ArtLung [Joe Crawford]

Web developer & user interface engineer
Tinkering with the web since 1996

email: joe@artlung.com · twitter: @artlung · (photo from instagram)
San Diego, California, USA


September 21st, 2012

The Failures of the iOS6 Maps Application

The hard lesson of the failures of the new iOS6 Maps Application – painfully and hilariously observed in theamazingios6maps.tumblr.com — is the subject of this post from a GIS professional: Google Maps announces a 400 year advantage over Apple Maps:

TL;DR:

Perhaps the most egregious error is that Apple’s team relied on quality control by algorithm and not a process partially vetted by informed human analysis. You cannot read about the errors in Apple Maps without realizing that these maps were being visually examined and used for the first time by Apple’s customers and not by Apple’s QC teams.

When you assemble a mapping and POI database from suppliers who operate with markedly different data models, it is unwise to assume that simple measures of homogenization will remedy the problems with disparate data. Apple’s data team seems to have munged together data from a large set of sources and assumed that somehow they would magically “fit”. Sorry, but that often does not happen in the world of cartography. Poor Apple has no one to blame but themselves.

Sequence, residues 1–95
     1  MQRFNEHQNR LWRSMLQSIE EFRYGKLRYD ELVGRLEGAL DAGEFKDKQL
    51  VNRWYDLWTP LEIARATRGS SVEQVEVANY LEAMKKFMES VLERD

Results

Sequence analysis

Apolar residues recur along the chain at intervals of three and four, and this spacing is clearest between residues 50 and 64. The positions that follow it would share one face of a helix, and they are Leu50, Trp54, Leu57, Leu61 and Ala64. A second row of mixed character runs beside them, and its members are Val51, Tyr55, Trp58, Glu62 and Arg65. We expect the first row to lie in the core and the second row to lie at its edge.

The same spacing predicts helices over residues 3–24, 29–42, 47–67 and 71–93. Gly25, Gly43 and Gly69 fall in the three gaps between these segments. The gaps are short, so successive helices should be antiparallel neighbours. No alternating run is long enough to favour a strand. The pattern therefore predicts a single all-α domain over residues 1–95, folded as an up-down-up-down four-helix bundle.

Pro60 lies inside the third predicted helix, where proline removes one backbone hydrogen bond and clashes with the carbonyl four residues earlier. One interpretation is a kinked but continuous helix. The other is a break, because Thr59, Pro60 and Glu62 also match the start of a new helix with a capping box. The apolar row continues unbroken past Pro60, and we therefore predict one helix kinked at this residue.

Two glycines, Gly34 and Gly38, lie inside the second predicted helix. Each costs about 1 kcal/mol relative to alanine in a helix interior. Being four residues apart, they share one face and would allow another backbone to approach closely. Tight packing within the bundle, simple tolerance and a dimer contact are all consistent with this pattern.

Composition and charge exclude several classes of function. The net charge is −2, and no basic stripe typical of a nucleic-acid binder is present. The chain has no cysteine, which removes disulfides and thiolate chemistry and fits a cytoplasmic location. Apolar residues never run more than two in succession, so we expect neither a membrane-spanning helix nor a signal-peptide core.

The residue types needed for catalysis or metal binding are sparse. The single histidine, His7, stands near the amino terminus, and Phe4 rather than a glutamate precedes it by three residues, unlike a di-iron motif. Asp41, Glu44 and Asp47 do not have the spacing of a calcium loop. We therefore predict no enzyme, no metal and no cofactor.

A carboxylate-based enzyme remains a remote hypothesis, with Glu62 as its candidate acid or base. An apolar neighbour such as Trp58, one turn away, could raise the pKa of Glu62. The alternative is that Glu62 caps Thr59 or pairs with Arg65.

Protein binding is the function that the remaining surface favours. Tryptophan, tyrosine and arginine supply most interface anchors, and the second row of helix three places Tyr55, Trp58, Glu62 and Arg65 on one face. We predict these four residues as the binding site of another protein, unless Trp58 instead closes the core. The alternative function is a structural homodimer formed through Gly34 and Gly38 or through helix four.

If you go back over this blog and follow my recounting of the history of Google’s attempts at developing a quality mapping service, you will notice that they initially tried to automate the entire process and failed miserably, as has Apple. Google learned that you cannot take the human out of the equation. While the mathematics of mapping appear relatively straight forward, I can assure you that if you take the informed human observer who possesses local and cartographic knowledge out of the equation that you will produce exactly what Apple has produced–A failed system.

Selfishly, I used the “Transit Directions” function of the old Maps app quite a bit. In Los Angeles, in San Diego, and I miss it dearly. There are apps for Transit directions, but most are not very good or don’t yet cover San Diego.

I’m hopeful that Lumatic will fit the bill soon:

Or maybe Bing or Google will fill in with native apps. I have used both for transit on Mobile Safari with not great results.

Update Read the Counternotions take as well.


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